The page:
It was really a rather minor patch, though – I made a patch for the hylafax package that failed to build on oneiric. The world would be better off without faxes these days, but people still use them – so I can understand that it’s not the most used package in Ubuntu, and so doesn’t really merit a high level of attention. It did take about 3 months to adopt a 10 line patch to the configure script, though…
I was a sysadmin for small businesses, and still get called on to help out at times, but I resumed full-time study at the University of Wollongong. I was the primary Linux guy at a place called “A Perfect PC“. That place has mostly dried up after a couple of the main clients were bought out, and they migrated to their acquiring group’s server OS choices (Win2K3 in both cases). I’m not really a business sort of guy – and the guy whose money it was is an engineer who I have a lot of respect for, but also speaks his mind when perhaps customers would rather he didn’t.
I use Ubuntu as my primary working machine (I typed this up in Chromium on Ubuntu), and use Ubuntu on some servers (though I find Debian a better fit there, most of the time).
I still work with Kevin Loughrey, who is the MD/owner of A Perfect PC, who also uses Ubuntu as his main system, and he does keep backups religiously, as we should – he had a disk failure on his main laptop on Monday, and he was helped through it with my and another chap, Wesley Young’s, help. As a consequence, he observed that most people using PCs don’t really keep backups, and a further advantage to using Ubuntu could actually be keeping a backup script that given USB hard drives, makes a package list and hives away the home directories & /etc. It seems reasonable, and in my Copious Free Time I may write up a proposal. I suppose I really should write up such a proposal – I’ve never done anything like that before.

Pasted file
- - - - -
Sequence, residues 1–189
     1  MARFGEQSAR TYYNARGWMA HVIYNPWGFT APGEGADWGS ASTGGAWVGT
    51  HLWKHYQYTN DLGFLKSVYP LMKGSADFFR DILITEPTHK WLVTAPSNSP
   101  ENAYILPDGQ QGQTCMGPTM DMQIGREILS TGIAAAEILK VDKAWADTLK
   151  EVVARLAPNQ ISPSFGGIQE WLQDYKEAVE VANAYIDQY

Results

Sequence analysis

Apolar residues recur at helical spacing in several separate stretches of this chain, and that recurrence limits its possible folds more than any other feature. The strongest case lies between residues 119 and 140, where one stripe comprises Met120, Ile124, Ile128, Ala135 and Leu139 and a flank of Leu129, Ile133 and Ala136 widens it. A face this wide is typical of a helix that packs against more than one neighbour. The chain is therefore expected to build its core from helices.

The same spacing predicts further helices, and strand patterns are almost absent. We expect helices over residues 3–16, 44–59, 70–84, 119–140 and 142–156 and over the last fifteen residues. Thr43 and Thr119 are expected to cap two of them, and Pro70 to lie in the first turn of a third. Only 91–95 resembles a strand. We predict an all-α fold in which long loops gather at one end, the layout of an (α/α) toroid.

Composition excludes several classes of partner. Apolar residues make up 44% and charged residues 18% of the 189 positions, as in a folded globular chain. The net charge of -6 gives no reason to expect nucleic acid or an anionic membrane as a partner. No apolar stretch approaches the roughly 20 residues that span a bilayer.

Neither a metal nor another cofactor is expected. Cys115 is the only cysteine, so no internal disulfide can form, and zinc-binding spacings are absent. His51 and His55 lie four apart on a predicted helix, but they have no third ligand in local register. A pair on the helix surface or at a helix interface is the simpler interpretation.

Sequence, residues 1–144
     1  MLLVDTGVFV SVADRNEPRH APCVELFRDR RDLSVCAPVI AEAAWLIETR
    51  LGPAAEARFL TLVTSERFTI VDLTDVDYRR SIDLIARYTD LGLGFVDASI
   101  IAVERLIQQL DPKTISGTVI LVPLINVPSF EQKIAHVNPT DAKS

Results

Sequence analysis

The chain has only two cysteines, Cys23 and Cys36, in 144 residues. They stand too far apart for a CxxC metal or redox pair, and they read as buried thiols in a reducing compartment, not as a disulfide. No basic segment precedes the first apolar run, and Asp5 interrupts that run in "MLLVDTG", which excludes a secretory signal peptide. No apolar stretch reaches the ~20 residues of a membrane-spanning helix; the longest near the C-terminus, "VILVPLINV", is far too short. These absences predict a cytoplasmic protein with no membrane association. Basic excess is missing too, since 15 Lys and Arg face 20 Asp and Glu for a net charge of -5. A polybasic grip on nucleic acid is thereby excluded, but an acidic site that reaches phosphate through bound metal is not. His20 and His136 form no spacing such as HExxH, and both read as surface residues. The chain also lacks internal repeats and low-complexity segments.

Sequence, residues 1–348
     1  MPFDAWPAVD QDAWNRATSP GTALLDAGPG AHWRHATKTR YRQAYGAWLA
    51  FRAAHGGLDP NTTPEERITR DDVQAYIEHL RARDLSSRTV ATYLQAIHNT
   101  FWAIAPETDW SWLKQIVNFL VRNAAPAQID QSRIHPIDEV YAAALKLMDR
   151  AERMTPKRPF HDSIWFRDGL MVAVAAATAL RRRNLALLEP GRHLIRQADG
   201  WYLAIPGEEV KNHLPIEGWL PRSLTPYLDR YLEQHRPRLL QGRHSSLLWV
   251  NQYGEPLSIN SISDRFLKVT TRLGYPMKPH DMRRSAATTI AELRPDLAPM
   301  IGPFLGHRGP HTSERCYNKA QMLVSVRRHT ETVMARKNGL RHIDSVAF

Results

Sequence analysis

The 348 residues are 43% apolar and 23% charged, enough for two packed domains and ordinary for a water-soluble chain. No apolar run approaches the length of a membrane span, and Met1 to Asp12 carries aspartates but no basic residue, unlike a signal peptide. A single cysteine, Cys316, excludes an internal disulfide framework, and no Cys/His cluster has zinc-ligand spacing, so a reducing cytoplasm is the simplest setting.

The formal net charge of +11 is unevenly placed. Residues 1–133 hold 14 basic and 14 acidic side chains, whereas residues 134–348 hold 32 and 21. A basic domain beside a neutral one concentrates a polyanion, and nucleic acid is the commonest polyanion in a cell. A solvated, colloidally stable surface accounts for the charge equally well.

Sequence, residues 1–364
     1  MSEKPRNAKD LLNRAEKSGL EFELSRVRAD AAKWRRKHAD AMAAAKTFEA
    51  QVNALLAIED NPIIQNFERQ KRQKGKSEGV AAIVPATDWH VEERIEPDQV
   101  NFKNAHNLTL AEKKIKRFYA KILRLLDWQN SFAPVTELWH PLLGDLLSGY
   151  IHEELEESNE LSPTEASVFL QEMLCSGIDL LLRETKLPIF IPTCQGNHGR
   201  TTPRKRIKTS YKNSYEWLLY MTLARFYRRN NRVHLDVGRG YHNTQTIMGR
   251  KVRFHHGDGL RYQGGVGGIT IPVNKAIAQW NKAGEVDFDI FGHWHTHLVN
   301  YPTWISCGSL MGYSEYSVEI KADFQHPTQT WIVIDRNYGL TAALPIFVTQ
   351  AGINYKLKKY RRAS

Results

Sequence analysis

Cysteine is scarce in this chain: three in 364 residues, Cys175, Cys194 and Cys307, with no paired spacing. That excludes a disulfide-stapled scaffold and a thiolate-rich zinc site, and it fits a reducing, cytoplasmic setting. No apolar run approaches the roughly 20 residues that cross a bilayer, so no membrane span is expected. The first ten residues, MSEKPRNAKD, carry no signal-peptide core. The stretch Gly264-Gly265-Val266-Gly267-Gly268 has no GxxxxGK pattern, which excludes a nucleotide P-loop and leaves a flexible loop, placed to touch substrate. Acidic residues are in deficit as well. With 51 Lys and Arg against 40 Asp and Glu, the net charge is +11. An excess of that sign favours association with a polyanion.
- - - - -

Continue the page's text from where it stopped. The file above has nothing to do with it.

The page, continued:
If there’s a demand for an interesting bit of coding, and I have time, I’m happy to help out.
- Read the Introduction to Ubuntu Development. It’s a short article which will help you understand how Ubuntu is put together, how the infrastructure is used and how we interact with other projects.
- Follow the instructions in the Getting Set Up article. A few simple commands, a registration at Launchpad and you should have all the tools you need, and you’re ready to go.
- Check out our instructions for how to fix a bug in Ubuntu, they come with small examples that make it easier to visualise what exactly you need to do.
Find something to work on
Pick a bitesize bug. These are the bugs we think should be easy to fix. Another option is to help out in one of our initiatives.
- Help out with the dh_python2 porting.
- Help out with fixing packages that don’t build anymore.
- Help out with security bugs.
- Help out with NBS (a more advanced task).
In addition to that there are loads more opportunities over at Harvest.
Getting in touch
There are many different ways to contact Ubuntu developers and get your questions answered.
- Be interactive and reach us most immediately: talk to us in #ubuntu-motu on irc.freenode.net.
- Follow mailing lists and get involved in the discussions: ubuntu-devel-announce (announce only, low traffic), ubuntu-devel (high-level discussions), ubuntu-devel-discuss (fairly general developer discussions).
- Stay up to date and follow the ubuntudev account on Facebook, Identi.ca or Twitter.